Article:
Work Apollo in Love with Daphne
Department of Prints and Drawings: 17th century
Apollon amoureux de Daphné
Prints and Drawings
In Rome in 1664 Poussin gave his friend Camillo Massimi (1620-1677), later a cardinal, an unfinished painting that he was too exhausted to complete. This work is now in the Louvre (MI 776). A number of preparatory drawings survive, this being the most complete. The subject is one of Apollo's thwarted attempts to find love.
Poussin drew on the Metamorphoses of Ovid and other writers of antiquity for the subject of his final composition. Apollo, god of fertility and life, is sitting on the left. He is in love with Daphne, who is shown on the far right, her arms around her father, the river Peneus. Apollo's love will as usual be thwarted, because just as he catches up with her after the chase, she turns into a laurel shrub. A number of other episodes are also referred to in this work. On the left, Mercury is stealing an arrow from Apollo's quiver. The serpent Python is in the branches of the tree. In the center, Cupid is firing a blunt arrow at Daphne; its sole effect will be to make her want to flee Apollo. In the painting, although not in this drawing, Poussin also included the death of Narcissus or Hyacinth in the background on the right.
A slow process of development
The history of the work's development is complex. Poussin produced at least eight other preparatory drawings prior to this one. At first he considered depicting the hero as Apollo Sauroctonus, the Lizard Slayer, surrounded by a crowd of nymphs. He then linked this theme with that of a group of melancholy nymphs or nymphs playing dice-symbolizing the haphazard nature of fortune-before bringing all of these subjects together. The drawing in the Louvre is the most complicated of all the preparatory works. It is a meditation on the impossibility of love, the tricks destiny plays, and the brevity of human life as opposed to the permanence of nature.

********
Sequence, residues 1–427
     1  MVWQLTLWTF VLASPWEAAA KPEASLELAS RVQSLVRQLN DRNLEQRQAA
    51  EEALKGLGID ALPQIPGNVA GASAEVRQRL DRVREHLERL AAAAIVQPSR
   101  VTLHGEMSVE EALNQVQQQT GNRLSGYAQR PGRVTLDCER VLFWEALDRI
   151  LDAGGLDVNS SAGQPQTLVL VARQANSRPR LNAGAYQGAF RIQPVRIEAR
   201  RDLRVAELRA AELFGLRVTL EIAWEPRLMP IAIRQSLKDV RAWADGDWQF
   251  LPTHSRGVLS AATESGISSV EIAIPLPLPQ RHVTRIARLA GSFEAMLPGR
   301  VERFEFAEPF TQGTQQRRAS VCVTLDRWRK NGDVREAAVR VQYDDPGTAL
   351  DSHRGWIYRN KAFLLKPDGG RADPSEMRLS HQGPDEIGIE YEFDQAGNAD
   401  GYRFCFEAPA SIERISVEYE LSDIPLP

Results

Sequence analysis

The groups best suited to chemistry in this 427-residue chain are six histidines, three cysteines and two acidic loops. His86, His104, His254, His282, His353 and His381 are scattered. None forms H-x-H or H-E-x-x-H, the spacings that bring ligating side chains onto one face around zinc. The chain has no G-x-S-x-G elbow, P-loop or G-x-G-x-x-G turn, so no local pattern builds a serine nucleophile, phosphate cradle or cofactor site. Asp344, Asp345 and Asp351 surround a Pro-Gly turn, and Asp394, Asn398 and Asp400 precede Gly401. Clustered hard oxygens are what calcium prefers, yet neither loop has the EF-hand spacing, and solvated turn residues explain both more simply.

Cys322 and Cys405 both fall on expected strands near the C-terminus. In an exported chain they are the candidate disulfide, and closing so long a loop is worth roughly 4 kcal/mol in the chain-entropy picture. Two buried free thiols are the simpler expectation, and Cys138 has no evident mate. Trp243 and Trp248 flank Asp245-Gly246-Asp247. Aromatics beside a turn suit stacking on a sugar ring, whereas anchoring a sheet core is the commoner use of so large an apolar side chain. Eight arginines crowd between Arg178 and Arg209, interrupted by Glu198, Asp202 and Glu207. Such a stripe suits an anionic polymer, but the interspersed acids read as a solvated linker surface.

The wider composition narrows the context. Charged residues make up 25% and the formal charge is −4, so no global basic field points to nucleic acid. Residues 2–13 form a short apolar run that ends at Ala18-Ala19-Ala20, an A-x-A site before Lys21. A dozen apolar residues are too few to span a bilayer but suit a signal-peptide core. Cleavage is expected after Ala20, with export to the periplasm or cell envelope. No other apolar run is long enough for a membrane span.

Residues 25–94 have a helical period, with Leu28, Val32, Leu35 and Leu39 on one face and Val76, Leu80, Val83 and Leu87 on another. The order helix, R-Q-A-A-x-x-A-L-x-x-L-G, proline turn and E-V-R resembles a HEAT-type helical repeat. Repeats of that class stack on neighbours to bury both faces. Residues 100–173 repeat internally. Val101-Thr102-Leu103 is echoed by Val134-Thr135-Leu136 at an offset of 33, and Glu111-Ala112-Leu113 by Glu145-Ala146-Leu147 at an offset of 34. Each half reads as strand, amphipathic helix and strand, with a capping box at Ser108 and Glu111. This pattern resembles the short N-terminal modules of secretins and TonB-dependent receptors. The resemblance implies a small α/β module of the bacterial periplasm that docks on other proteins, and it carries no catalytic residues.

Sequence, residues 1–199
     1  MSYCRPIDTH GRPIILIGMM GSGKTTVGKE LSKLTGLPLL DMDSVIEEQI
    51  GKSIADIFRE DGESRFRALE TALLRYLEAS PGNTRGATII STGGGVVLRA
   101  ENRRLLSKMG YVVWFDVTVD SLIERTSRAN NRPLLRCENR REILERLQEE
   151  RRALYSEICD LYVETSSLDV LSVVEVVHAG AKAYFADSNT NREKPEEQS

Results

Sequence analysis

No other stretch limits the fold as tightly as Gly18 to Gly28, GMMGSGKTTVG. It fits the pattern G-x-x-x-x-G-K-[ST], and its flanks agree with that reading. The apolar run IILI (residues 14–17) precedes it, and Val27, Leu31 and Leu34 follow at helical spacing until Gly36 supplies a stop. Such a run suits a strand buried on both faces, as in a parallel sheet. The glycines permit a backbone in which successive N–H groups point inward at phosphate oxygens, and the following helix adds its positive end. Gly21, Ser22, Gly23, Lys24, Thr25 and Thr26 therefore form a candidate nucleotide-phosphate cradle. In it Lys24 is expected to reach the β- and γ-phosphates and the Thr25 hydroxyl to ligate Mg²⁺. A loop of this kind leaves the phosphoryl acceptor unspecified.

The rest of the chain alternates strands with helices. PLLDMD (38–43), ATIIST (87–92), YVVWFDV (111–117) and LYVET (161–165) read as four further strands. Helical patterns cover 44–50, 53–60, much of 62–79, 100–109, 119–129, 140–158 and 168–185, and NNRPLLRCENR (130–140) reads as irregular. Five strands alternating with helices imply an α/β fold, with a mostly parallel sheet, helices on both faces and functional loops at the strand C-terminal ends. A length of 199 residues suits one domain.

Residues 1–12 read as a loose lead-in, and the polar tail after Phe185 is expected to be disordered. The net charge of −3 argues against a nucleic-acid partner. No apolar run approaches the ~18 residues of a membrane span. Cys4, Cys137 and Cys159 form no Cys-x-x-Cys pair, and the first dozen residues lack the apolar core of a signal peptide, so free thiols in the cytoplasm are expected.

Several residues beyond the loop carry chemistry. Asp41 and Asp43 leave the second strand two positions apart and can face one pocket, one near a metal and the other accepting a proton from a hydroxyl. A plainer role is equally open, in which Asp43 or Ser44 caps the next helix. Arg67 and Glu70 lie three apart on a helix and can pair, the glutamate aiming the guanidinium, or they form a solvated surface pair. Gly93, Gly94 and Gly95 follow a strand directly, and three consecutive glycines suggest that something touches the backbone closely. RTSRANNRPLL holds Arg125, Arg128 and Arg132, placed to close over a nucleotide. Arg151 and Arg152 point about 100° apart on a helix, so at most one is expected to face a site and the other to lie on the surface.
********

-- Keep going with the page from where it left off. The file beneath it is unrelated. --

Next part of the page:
Poussin's last work
This superb drawing, perfectly laid out, nevertheless shows in parts that the elderly artist's hand was growing shaky. However, the use of the wash reveals great delicacy of touch and the artist used black chalk to touch up certain details such as the dog lying on the left. The broad sweep of space with a subtly layered perspective is perfectly suited to the evocation of an impossible Arcadia and a Golden Age that is forever lost.
BibliographyPrat Louis-Antoine, Rosenberg Pierre, Nicolas Poussin, 1594-1665 : Catalogue raisonné des dessins, 1994, II, n 381.
Nicolas Poussin (1594-1665)
Apollo in Love with Daphne
Pen and brown ink, brown wash and black chalk on cream paper squared with black chalk
H. 30.7 cm; L. 43.9 cm
Saint-Morys collection, seizure of émigrés' possessions, 1793
Due to their fragility, works on paper are not on permanent display in the museum.
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